According to UNICEF, population growth, recurring crises, extreme poverty and inadequate social protection measures have led to an additional 17 million girls and boys engaging in child labor in sub-Saharan Africa over the past four years.
African countries are home to most of the world's 160 million working children. The International Labor Organization estimates that more than 72 million children in sub-Saharan Africa — nearly one in five — are affected by child labor. This marks the first time in 20 years that progress toward ending child labor has stalled.
According to the International Labor Organization, 43% of Nigerian children aged between 5 and 11 are child laborers, although international conventions prohibit this.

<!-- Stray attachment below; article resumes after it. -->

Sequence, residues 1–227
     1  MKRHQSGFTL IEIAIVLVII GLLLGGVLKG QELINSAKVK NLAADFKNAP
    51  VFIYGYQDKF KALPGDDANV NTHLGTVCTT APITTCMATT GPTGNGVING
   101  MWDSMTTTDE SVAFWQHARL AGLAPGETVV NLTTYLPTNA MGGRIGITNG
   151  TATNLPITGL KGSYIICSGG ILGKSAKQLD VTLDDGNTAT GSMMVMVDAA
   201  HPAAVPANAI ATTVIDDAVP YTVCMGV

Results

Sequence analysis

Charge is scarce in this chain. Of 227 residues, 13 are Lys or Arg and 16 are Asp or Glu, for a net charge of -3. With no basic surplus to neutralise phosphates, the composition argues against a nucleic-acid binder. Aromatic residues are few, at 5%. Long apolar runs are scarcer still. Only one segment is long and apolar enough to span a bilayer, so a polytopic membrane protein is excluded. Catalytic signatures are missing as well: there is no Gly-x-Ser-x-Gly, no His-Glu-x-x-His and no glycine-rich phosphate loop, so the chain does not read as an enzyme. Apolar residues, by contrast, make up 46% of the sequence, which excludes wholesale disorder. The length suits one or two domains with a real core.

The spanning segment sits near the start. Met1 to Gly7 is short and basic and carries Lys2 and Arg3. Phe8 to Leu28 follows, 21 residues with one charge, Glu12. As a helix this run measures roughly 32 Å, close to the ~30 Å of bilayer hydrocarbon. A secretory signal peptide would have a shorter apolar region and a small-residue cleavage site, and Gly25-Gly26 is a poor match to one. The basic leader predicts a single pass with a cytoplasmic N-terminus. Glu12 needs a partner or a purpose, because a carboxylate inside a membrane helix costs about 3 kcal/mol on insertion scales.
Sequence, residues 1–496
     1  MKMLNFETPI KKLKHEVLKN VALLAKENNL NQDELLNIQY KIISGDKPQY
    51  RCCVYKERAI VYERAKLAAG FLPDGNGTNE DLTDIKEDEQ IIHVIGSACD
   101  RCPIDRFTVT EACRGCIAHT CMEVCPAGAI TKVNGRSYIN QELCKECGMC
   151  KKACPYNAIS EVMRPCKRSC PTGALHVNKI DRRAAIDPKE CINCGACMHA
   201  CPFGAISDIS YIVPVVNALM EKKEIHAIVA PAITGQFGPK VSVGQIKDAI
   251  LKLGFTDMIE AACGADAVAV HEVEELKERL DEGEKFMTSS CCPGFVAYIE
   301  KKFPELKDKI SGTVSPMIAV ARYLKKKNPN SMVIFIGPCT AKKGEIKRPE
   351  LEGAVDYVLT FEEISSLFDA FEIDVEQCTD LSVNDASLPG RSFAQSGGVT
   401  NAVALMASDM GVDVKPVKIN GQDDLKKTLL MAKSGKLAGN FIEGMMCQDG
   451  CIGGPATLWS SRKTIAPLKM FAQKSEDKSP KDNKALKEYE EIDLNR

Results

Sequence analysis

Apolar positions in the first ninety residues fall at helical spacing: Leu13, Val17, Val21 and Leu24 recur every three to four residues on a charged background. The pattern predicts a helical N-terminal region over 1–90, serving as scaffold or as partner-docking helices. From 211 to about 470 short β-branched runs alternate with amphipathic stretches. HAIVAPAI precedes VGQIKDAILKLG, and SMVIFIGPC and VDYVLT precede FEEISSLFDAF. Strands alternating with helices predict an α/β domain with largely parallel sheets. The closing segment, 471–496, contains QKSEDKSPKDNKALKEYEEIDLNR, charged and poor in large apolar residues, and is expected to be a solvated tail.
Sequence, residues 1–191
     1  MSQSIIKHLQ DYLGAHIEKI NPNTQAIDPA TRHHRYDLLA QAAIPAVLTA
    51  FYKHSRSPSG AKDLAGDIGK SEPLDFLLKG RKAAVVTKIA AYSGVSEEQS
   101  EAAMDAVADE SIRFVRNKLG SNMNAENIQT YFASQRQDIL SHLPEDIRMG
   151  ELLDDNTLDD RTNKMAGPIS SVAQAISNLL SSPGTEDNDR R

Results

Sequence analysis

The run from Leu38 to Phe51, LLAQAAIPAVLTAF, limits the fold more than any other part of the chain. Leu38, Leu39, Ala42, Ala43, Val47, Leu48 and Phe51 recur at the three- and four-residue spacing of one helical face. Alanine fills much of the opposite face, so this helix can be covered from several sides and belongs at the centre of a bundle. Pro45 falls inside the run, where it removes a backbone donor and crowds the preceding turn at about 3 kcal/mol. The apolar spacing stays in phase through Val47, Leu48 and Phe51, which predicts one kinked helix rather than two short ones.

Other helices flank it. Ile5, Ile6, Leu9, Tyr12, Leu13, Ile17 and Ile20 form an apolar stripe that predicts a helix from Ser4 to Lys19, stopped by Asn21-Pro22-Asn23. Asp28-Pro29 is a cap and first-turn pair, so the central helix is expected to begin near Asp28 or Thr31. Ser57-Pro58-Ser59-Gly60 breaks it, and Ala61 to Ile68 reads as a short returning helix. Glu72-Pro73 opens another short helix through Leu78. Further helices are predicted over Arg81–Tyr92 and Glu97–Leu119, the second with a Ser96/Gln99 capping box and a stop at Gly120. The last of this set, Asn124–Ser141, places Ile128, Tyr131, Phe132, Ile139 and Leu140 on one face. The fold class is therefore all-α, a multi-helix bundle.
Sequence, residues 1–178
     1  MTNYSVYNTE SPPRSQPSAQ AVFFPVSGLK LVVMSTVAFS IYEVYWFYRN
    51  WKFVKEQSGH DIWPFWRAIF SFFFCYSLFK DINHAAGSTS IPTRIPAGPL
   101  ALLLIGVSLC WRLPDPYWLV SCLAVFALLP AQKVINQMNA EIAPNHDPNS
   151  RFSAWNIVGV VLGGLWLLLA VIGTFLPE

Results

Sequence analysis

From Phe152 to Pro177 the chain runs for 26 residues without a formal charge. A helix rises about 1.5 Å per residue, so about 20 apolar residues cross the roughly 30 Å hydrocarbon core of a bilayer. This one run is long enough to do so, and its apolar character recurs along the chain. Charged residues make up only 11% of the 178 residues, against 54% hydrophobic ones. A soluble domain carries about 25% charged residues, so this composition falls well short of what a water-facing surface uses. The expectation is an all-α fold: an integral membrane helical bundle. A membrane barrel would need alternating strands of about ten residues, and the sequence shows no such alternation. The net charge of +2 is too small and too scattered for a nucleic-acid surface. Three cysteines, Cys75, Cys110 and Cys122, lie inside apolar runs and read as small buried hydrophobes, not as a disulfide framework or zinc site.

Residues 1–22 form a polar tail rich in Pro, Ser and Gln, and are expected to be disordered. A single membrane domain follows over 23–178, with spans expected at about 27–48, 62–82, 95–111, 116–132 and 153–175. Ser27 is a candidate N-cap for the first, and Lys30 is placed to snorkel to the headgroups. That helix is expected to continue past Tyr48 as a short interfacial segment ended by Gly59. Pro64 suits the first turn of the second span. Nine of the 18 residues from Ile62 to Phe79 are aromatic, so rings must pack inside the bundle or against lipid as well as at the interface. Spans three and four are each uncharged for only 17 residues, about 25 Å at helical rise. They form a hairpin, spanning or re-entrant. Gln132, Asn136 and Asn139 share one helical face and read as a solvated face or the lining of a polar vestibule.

Economic hardship has forced many children to toil in the gold mines of Tanzania and neighboring Congo. Others in countries such as South Sudan endanger their lives as child soldiers. The International Labor Organization estimates that 2.1 million children work in cocoa production in Ivory Coast and Ghana. Around two-thirds of the cocoa produced worldwide comes from Africa. On the streets of Maiduguri in Nigeria's Borno State, many children work at the request of their parents.